Friday, May 20, 2022
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Coming together to promote UHC

On behalf of the UHC Watch Alliance of Health Advocacy Groups, Philippine Alliance of Patient Organizations, Health Justice, Bantay Consumer, Calsada Kuryente or BKC, the Philippine Diabetes Support and Awareness Group Inc., and Citizen Watch Philippines, we congratulate the organizers and express our sincere gratitude for inviting us to share our insights as we celebrate UHC Day. It is an honor to be part of a growing coalition of health advocates uniting to be a positive force to ensure the full realization of Universal Healthcare for all Filipinos.

When the Universal Health Care Act was signed into law in February 2019, we lauded the game changing vision of this landmark legislation. Shifting from tertiary to primary care will increase the patient’s access to healthcare. We were hoping there would be a comprehensive or expansive outpatient benefit which includes screening laboratory tests and treatment if possible to decrease out of pocket health expenses.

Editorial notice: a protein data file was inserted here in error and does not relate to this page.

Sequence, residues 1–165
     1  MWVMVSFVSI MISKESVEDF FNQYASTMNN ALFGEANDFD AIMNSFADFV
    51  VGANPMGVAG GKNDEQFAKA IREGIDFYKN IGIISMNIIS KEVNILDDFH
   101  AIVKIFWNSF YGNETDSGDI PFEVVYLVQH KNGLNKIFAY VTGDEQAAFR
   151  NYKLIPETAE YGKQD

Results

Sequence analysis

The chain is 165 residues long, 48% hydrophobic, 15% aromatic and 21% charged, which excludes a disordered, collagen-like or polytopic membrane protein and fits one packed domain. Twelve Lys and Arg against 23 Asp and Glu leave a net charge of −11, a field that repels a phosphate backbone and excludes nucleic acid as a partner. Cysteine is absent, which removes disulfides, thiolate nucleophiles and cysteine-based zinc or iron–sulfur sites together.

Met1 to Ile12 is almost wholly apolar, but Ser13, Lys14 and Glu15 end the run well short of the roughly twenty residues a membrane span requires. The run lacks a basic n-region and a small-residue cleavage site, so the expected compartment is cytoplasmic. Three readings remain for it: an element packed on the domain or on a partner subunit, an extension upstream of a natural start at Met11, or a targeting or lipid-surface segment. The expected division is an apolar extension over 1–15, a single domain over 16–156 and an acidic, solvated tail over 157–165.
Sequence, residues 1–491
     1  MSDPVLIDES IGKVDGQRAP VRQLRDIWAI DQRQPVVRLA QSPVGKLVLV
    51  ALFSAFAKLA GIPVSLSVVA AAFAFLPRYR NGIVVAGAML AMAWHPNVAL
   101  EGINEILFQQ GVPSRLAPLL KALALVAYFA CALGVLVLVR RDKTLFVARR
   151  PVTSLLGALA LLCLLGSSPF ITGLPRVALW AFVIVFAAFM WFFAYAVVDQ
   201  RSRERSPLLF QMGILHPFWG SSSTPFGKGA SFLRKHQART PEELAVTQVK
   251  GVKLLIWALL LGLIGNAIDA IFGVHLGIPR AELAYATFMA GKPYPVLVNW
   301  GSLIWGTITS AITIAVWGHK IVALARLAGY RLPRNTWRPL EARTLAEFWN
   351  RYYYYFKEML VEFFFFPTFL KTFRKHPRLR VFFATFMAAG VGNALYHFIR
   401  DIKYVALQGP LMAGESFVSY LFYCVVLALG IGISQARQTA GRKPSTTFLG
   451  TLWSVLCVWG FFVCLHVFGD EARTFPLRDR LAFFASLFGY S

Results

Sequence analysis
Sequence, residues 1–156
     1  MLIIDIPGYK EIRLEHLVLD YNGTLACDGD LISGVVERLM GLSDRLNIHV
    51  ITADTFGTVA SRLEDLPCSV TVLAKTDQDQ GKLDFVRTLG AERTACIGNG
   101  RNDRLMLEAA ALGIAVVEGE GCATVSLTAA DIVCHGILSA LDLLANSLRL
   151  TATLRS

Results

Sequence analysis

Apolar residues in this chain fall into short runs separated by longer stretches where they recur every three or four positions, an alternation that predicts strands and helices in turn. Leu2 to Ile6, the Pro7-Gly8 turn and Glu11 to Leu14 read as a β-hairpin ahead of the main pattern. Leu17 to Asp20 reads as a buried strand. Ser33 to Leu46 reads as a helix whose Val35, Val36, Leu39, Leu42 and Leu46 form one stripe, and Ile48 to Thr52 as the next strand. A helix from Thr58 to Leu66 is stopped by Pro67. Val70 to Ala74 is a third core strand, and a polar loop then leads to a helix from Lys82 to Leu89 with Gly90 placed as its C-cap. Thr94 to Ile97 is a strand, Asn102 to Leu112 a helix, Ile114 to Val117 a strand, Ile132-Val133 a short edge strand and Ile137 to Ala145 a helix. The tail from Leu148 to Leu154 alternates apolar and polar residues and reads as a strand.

It is encouraging that Philhealth has confirmed the implementation of Konsulta, and we look forward eagerly to its expansive execution. We looked forward to the effective implementation of population-based and individual-based health services, greater access to health technologies by improving government procurement mechanisms, such as food procurement and the standardization of health information systems for the efficient delivery of health services.